As always seems to be the case, the press present these observations as bald facts. As an astrophysicist, I know very well that they are far from unchallenged by the astronomical community. Lively debates about these results occur regularly at scientific meetings, and their status is far from established. In fact, only a year or two ago, precisely the same team was arguing for exactly the opposite conclusion based on their earlier data. But the media don’t seem to like representing science the way it actually is, as an arena in which ideas are vigorously debated and each result is presented with caveats and careful analysis of possible error. They prefer instead to portray scientists as priests, laying down the law without equivocation. The more esoteric the theory, the further it is beyond the grasp of the non-specialist, the more exalted is the priest. It is not that the public want to know – they want not to know but to believe.

Things seem to have been the same in 1919. Although the results from Sobral and Principe had then not received independent confirmation from other experiments, just as the new supernova experiments have not, they were still presented to the public at large as being definitive proof of something very profound. That the eclipse measurements later received confirmation is not the point. This kind of reporting can elevate scientists, at least temporarily, to the priesthood, but does nothing to bridge the ever-widening gap between what scientists do and what the public think they do.

As we enter a new Millennium, science continues to expand into areas still further beyond the comprehension of the general public. Particle physicists want to understand the structure of matter on tinier and tinier scales of length and time. Astronomers want to know how stars, galaxies  and life itself came into being. But not only is the theoretical ambition of science getting bigger. Experimental tests of modern particle theories require methods capable of probing objects a tiny fraction of the size of the nucleus of an atom. With devices such as the Hubble Space Telescope, astronomers can gather light that comes from sources so distant that it has taken most of the age of the Universe to reach us from them. But extending these experimental methods still further will require yet more money to be spent. At the same time that science reaches further and further beyond the general public, the more it relies on their taxes.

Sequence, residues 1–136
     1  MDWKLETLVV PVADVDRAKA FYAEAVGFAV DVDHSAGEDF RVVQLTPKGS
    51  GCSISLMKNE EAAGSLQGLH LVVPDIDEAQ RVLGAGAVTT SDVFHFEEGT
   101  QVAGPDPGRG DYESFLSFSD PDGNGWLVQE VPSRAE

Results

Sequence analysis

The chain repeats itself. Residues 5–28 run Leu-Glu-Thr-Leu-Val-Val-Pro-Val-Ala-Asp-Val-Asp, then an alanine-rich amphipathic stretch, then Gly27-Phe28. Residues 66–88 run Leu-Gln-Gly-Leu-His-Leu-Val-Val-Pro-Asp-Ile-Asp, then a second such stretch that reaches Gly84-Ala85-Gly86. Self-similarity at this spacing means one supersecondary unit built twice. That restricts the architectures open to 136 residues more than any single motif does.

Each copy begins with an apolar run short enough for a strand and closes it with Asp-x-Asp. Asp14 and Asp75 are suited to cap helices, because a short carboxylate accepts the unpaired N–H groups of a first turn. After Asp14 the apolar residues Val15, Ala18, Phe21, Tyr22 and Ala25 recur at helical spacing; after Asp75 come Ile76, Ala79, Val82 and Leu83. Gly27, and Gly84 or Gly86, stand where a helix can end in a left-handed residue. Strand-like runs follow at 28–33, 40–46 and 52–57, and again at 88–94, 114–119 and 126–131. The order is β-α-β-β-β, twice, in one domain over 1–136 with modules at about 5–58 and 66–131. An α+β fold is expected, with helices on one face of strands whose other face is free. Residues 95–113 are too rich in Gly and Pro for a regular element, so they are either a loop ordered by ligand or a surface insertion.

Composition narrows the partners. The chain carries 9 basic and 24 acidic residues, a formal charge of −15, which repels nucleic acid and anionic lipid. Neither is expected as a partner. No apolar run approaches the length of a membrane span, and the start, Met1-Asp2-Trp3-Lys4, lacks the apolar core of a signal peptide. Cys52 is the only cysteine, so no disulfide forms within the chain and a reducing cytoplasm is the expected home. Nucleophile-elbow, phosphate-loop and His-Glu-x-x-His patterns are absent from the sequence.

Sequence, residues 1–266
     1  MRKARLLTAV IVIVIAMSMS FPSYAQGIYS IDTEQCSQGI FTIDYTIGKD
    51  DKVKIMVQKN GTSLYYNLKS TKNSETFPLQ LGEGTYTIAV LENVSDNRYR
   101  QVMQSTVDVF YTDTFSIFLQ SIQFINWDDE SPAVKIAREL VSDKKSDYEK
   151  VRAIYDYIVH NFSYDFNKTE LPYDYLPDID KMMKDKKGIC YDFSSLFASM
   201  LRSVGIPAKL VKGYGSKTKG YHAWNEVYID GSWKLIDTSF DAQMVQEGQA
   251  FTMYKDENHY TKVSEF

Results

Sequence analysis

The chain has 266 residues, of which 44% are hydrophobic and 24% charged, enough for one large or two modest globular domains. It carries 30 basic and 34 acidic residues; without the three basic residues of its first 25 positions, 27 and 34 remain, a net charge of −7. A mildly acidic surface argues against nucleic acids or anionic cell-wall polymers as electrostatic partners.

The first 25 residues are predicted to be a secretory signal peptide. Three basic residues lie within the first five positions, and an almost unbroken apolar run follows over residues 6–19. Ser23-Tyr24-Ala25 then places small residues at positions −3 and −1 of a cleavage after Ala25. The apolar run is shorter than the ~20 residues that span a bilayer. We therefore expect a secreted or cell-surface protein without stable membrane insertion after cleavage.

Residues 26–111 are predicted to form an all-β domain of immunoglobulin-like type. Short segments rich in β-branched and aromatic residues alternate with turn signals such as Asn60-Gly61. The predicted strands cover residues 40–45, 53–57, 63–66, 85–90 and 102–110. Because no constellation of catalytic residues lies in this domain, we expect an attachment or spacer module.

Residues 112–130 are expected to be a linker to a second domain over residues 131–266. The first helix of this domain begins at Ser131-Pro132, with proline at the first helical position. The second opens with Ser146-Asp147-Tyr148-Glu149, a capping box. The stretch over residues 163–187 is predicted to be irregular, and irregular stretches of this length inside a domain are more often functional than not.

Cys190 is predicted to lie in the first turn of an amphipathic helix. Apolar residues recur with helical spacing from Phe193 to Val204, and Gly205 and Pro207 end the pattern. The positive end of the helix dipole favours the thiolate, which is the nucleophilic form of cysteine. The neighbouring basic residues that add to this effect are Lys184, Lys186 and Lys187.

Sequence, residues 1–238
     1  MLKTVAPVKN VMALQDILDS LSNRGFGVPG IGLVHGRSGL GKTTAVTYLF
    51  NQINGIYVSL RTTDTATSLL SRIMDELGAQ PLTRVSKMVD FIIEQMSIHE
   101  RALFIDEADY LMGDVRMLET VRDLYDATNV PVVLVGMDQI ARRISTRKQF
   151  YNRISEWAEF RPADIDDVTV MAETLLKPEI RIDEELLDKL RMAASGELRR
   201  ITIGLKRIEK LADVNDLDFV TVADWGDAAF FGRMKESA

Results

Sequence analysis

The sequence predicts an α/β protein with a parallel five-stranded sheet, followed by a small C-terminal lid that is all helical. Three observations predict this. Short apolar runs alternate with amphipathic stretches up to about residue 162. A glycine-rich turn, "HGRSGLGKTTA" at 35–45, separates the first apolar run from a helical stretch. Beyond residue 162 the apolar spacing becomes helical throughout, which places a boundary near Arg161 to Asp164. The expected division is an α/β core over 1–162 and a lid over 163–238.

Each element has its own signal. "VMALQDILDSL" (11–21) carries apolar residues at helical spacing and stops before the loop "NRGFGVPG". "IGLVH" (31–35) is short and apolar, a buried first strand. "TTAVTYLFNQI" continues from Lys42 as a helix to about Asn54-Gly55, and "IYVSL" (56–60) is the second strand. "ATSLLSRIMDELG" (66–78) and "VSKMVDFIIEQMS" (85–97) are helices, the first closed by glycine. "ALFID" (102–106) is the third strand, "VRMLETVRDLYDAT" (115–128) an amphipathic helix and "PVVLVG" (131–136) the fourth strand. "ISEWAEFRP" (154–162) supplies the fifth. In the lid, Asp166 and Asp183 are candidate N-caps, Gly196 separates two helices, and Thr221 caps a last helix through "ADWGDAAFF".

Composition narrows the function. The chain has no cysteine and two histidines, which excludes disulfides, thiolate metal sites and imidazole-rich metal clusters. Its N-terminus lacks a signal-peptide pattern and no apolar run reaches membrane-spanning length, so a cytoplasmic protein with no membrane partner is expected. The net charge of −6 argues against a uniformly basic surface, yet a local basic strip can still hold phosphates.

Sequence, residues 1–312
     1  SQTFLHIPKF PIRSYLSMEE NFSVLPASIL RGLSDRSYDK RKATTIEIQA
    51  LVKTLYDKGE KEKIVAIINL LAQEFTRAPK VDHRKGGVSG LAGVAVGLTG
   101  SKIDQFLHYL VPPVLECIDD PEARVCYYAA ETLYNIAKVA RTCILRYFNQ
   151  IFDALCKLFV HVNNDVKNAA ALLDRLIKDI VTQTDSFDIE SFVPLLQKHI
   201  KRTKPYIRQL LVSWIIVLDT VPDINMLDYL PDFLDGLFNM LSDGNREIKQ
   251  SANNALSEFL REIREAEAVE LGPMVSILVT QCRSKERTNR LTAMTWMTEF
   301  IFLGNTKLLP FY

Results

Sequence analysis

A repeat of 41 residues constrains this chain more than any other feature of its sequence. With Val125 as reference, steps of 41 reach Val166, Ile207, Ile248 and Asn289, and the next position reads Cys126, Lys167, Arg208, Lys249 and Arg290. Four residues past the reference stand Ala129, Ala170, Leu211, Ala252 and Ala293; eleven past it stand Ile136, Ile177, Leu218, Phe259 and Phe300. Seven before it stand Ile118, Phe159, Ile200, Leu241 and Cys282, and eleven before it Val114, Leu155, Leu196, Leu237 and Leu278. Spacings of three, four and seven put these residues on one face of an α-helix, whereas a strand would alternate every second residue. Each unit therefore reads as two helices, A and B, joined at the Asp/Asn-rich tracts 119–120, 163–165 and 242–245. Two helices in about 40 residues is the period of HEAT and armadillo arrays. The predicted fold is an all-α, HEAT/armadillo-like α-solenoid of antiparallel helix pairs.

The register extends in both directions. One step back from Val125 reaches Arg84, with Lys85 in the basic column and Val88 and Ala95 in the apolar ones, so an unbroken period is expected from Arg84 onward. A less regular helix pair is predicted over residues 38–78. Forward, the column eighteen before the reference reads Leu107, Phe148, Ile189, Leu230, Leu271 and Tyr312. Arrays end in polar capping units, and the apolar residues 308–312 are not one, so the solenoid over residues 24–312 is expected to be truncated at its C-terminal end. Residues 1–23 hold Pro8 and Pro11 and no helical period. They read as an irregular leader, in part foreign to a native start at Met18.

Many modern scientists themselves play a dangerous game with the truth, pushing their results one-sidedly into the media as part of the cut-throat battle for a share of scarce research funding. There may be short-term rewards, in grants and TV appearances, but in the long run the impact on the relationship between science and society can only be bad. The public responded to Einstein with unqualified admiration, but Big Science later gave the world nuclear weapons. The distorted image of scientist-as-priest is likely to lead only to alienation and further loss of public respect. Science is not a religion, and should not pretend to be one.

PS. You will note that I was voicing doubts about the interpretation of the early results from supernovae  in 1998 that suggested the universe might be accelerating and that dark energy might be the reason for its behaviour. Although more evidence supporting this interpretation has since emerged from WMAP and other sources, I remain skeptical that we cosmologists are on the right track about this. Don’t get me wrong – I think the standard cosmological model is the best working hypothesis we have _ I just think we’re probably missing some important pieces of the puzzle. I don’t apologise for that. I think skeptical is what a scientist should be.

Water and Energy

Posted in Biographical, Science Politics, The Universe and Stuff with tags , , , , , on May 25, 2010 by telescoper

I’ve refrained from blogging about the fraught history of my attempts to have a new  gas boiler installed in my house. Today, however, at last I have finally succeed in getting a state-of-the-art high-efficiency condensing contraption fit for the 21st Century, which will hopefully save me a few bob in gas bills over the winter but, more importantly, actually produce hot water for more than a minute or so without switching itself off.